Tuesday, 4 August 2015

Linguistic Landscape 7 Workshop in Berkeley. Part 2

As promised in the first part of my Berkeley notes, I now share some of my perceptions about the town and the nearby metropolis, San Francisco. I was lucky that I could spend some time before and after the conference with sightseeing. The organizers were also very nice and organized a bus trip to the Muir Woods National Monument; there we could spend great time with a handful of participants. Of course my ears and eyes were wide open for linguistic experiences during my whole trip, especially because it was my first time ever in the States.

Golden Gate Bridge, the ultimate symbol of the Bay region – and probably the inspiration behind the LL7 logo.

Unfortunately I can't reproduce here the audible linguistic diversity that surrounded me, but I can share a couple of pictures about various languages, scripts and semiotic practices that were interesting for me. I also liked the nature, and meeting the Pacific Ocean was a stunning moment of my life. So, let's see the pics!


Yes, we're in the States! Flags, flags and flags wherever you go. (Downtown Berkeley)
There are so many dangers you should be aware of before ordering... Warning sign next to the entrance door of the restaurant of my hotel.
Yes, toilets are more interesting than you could think. English–Spanish bilingualism in another restaurant.
And another toilet: sign as part of a campaign targeting the conservation of natural resources – a vital question in the Bay Area. 
And now we can continue with a couple of 'no'-s. Actually, you can hardly do anything in the BART (= Bay Area Rapid Transit) station...
 This one is quite sad since it tries to keep homeless people invisible (Berkeley City Library).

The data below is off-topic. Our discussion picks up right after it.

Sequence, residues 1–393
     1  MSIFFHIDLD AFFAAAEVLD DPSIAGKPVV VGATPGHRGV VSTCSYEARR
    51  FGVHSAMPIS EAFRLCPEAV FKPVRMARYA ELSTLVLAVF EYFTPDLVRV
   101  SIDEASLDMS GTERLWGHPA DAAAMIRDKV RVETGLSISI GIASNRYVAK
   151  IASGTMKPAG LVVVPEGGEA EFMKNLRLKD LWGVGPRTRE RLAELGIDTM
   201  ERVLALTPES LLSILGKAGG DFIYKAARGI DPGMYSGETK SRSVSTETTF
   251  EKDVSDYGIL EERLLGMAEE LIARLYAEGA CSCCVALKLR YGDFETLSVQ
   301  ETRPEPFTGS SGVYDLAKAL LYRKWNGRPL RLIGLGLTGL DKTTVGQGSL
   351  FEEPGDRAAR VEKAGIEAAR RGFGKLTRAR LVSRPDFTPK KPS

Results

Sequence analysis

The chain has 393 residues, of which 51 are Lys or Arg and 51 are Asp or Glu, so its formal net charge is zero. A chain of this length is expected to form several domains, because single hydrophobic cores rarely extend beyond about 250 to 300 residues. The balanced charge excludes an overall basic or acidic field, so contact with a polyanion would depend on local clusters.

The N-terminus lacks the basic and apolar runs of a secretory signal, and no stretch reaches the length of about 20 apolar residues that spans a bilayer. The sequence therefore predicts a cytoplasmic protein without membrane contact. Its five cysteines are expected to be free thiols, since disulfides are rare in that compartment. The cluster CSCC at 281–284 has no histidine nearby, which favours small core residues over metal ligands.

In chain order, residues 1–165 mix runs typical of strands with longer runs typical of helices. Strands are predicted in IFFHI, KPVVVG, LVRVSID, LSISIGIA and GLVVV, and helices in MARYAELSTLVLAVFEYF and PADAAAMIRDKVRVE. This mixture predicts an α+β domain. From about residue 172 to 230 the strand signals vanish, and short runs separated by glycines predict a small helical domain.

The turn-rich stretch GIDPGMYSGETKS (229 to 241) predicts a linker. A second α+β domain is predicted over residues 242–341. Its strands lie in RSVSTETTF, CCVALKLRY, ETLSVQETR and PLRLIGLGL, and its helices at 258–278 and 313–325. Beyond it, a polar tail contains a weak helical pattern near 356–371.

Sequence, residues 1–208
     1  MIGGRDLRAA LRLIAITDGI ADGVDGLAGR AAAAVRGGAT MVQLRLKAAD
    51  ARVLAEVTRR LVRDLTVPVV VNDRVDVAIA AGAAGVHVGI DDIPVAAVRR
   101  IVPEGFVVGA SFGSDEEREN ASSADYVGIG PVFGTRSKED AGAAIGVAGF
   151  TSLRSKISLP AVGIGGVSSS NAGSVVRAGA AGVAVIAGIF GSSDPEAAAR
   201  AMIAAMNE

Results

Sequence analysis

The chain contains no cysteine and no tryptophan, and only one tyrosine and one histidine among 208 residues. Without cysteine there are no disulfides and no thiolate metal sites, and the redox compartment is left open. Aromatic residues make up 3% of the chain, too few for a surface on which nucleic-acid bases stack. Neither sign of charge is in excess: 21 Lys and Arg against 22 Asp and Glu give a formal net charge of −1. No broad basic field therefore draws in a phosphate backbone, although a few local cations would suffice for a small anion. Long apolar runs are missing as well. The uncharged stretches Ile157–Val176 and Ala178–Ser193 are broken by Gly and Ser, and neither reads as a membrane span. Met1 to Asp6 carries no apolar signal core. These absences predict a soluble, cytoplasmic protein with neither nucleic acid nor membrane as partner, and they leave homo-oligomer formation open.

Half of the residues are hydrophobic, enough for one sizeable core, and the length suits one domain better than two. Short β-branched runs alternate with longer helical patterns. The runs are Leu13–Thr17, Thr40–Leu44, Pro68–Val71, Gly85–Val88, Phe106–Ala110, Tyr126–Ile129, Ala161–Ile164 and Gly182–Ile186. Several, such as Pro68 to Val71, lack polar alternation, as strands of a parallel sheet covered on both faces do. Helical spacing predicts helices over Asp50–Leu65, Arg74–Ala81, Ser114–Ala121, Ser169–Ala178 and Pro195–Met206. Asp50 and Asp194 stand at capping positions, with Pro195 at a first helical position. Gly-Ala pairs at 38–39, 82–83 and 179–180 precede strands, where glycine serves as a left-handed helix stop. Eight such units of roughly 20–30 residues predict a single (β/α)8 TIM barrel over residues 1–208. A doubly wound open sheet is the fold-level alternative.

Yes, it's funny, but being funny couldn't prevent it from being challenged... This sign originally prohibited smoking, but somebody (a smoker, maybe?) made some corrections: instead of cigarette smoke, now we can blame the car's exhaust gas for health hazard.
Needless to say, you can't eat or drink you own stuff in this café. What I found interesting was the 'Merci' at the end of this monolingual English sign. In general, French was used for marketing purposes here: the advertisements of the place and the menu contained numerous French words and expressions. However, the staff spoke mainly in Spanish.
I liked how local history was retold in the form of these paintings and short biographies. I guess this metal box could be an electronic transformer – quite an unexpected surface for this kind of narratives. 
Notice board on the campus. A real challenge for those who want to count signs as part of their LL study – especially because it changed a lot within an hour, approximately. New advertisements were stick onto the older ones, ruining all statistics...
Yes, it was the campus fashion, so I also bought a shirt with the university logo. 
And finally: an exotic street view from a street close to my hotel.

Excursion to Muir Woods

Huge trees and nice paths with a great company – and yes, you could find really calm and relaxing moments in the woods. 
Telling the story of the tree, the place, and human history... quite a complex venture.

San Francisco

Maybe I can start with the Golden Gate Bridge. I very liked the park close to it. There were hands-on models of the bridge that helped to understand some questions of construction, and there were tableaux telling the story of this great work.
English–Chinese–Spanish trilingual sign in the Muni Metro light rail stop.
Visible, audible and tactile signs incorporated. I liked that I could see Braille letters quite often in public spaces (Muni stop).
Chinatown in SF. Quite nice! ...and quite unintelligible for Chinese-illiterate visitors.
Sometimes I took pictures of landscapes without any sign in close proximity ;-)
And yes, it was huge to meet the Pacific Ocean! 

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